What they want vs. what they ought
I WAS gratified to read the pooled editorial of the Cebu newspapers done on the occasion of this year’s Press Freedom Week. There were many things that they dropped there for their readers to chew, but one statement immediately caught my attention.
It’s when it said: “Figuring out what people want to know, and what citizens should know, is one of journalism’s finest burdens.”
That definitely is a mark of maturity, a sign of progress, a certain sophistication and nuanced thinking meant to blow the bubble of naivete, simplism, herd mentality, sensationalism, etc., that have also afflicted local media for long.
It seems to say that journalists these days are now more courageous and responsible to present things even if these things are unpopular as long as they believe these things are what their readers ought to know. It’s a very difficult position to be in.
If truly meant and sufficiently supported by an abiding program of continuing formation, then these words can give us basis to expect a press that would really serve the common good, not only in terms of closely monitoring events, but also and more importantly of creating a healthy and vibrant public opinion, one committed to truth, justice and charity.
It cannot be denied that more people are becoming more discerning and discriminating of what they read and see in the media. They know when they are tricked. They can easily detect spins, gratuitous claims and badly researched reports.
They know when a newsman, columnist or editorial writer is biased or not, reckless or not, engaged in shallow and trigger-happy ways or is doing serious, responsible work.
More, they now have greater power to answer back, clarify and even correct erring journalists. Or they can simply turn off and look for many other alternative sources of news and information that they consider more balanced and fair. And thanks be to God, we have many of these alternatives now.
And so media practitioners, given their immense power of influence, should feel it more sharply that they too, like everybody else, are in need of a deepening formation to be able to carry out their task and mission with utmost sense of responsibility. This is, of course, a very serious duty, not to be taken lightly.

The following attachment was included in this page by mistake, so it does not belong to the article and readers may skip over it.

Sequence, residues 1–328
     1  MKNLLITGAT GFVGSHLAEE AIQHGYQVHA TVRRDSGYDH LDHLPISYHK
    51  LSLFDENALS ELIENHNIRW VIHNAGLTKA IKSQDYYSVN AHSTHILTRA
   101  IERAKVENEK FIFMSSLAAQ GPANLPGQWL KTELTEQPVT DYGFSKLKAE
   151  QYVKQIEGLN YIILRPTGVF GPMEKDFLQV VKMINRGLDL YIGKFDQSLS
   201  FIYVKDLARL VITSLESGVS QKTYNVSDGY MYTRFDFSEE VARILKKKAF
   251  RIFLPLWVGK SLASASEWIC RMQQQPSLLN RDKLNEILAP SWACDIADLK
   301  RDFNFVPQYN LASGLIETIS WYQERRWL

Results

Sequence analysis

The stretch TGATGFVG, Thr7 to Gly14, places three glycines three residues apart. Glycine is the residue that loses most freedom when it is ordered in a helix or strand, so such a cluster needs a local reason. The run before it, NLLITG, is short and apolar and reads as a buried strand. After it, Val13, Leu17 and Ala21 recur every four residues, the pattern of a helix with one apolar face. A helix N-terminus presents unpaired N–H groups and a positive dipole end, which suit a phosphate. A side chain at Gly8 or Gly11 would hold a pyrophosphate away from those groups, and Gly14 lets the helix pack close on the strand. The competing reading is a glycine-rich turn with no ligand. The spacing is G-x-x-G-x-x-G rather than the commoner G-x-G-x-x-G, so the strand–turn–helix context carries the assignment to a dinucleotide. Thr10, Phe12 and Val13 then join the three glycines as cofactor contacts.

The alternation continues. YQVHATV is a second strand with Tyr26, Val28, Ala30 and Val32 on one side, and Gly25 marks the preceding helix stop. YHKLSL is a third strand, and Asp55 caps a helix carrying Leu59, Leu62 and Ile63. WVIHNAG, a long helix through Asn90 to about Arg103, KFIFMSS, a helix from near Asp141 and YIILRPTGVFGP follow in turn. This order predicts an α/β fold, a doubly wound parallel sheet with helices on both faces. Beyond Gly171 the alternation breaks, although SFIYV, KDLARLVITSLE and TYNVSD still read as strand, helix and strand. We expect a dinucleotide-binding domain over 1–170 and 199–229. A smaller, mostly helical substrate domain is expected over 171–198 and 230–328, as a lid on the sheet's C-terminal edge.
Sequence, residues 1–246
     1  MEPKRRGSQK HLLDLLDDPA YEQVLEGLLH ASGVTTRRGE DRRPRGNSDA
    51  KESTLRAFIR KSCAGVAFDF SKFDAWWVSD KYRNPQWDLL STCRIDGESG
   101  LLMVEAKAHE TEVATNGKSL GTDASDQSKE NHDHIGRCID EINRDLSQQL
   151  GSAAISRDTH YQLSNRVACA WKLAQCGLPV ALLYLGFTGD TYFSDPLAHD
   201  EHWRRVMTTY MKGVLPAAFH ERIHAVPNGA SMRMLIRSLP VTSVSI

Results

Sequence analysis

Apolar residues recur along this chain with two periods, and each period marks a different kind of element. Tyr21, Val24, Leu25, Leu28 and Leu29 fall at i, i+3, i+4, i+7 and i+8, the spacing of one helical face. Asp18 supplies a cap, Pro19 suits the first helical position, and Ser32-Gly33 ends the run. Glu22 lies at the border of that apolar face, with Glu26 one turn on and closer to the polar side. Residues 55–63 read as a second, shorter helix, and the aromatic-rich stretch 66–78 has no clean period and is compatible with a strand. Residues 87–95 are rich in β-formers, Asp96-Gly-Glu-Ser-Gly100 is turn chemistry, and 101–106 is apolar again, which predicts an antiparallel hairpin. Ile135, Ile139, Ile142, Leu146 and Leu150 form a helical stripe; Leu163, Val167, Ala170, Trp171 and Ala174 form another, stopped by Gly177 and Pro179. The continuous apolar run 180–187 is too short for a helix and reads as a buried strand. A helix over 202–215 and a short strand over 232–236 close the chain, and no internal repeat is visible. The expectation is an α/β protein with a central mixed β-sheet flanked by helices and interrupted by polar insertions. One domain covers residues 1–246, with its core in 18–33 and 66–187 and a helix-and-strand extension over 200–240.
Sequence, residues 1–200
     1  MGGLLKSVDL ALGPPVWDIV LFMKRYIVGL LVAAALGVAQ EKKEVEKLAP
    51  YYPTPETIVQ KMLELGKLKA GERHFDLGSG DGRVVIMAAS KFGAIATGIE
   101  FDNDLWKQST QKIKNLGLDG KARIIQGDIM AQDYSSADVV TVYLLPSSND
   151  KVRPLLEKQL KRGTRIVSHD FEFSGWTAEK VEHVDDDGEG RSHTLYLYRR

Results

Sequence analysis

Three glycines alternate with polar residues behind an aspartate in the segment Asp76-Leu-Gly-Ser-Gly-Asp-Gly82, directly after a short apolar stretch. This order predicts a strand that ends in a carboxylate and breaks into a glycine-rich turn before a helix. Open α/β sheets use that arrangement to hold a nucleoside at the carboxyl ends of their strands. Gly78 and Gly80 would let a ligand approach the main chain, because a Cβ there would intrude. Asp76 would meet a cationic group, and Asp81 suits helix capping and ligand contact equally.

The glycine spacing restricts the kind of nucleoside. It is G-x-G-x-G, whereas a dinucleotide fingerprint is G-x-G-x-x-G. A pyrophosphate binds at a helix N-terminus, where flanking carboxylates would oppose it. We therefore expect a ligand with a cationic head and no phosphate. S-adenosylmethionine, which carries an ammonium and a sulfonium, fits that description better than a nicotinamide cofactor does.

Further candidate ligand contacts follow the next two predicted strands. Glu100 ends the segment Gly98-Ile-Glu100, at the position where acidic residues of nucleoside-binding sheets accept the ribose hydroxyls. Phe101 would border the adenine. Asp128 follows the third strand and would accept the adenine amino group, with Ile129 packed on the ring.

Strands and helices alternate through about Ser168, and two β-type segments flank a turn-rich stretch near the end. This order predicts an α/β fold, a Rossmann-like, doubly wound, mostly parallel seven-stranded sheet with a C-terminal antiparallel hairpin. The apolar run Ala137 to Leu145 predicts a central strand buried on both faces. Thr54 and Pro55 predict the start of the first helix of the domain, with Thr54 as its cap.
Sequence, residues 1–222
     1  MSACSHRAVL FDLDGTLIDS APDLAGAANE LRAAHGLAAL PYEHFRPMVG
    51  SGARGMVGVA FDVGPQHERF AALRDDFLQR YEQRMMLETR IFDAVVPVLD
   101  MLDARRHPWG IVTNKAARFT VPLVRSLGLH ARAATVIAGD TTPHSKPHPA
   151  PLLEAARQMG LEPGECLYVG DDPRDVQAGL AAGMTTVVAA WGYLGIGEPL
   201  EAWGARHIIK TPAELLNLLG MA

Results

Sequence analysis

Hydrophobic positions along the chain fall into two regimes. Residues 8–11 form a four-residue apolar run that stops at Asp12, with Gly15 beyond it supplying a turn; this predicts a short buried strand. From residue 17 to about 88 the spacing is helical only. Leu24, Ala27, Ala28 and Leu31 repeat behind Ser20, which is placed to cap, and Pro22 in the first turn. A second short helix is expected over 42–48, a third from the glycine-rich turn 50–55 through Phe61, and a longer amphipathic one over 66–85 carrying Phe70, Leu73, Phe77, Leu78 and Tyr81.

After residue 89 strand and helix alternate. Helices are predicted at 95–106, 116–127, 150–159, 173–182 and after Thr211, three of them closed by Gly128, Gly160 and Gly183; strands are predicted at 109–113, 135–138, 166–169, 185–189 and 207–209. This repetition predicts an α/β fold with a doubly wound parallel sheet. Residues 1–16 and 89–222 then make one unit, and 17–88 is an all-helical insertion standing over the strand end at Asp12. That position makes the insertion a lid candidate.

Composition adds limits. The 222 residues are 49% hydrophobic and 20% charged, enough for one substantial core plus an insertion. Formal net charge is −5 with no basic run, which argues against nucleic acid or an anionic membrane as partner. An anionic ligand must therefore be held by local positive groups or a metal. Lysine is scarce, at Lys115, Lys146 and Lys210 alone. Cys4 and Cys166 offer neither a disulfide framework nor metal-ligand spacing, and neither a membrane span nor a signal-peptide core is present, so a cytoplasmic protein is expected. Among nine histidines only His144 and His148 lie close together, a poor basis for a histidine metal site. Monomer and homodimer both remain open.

We know that these days many of our journalists do not have a clear idea of where they ought to base and root their sense of right and wrong, good and evil, just and unjust. They, of course, simply reflect the general trend we sadly see in the world today.
Many are just in some fishing expedition with regard to their beliefs and convictions. “Way klaro,” as we put it in our dialect. And so many of them just get contented with what may be considered as politically-correct, or socially or culturally-correct. Nothing beyond that.
They just depend on some popular consensus, but not anymore going further to see whether such consensus is truly right and fair. And these days, the “vox-populi-vox-Dei” theory fails more often than not.
It gives messages and signals that are more uncertain than certain.
We need to remind everyone, journalists or not, to really go back to basics, go back to the origin, and that can only be God, who is the ultimate source of everything that is good.
But do you think religion is taken seriously by many media people? I really wish that it were so, but pieces of evidence are aplenty showing a cavalier attitude toward religion.
Some even give the impression that religion is what causes biases and prejudices. They prefer to be guided solely by their own reasoning, their own thinking, their own bank of data and information
Many fail to realize the import of what St. Paul once said about charity which is the very essence of God, and the ultimate criterion for our knowing, judging and reasoning, and in fact, our whole behavior and life.
“Love does not come to an end. But if there are gifts of prophecy, the time will come when they must fail. Or the gift of languages, it will not continue for ever. And knowledge, too, the time will come when it must fail.” (1 Cor 13,8)
When we, people in the media, are not really inspired by charity, that is, by God, but simply by some worldly value or our own estimation of things, then we are yet in the imperfect stage, just as St. Paul again affirms:
“Our knowledge is imperfect…but once perfection (charity) comes, all imperfect things will disappear.” (13,10)
By: Fr. Roy Cimagala
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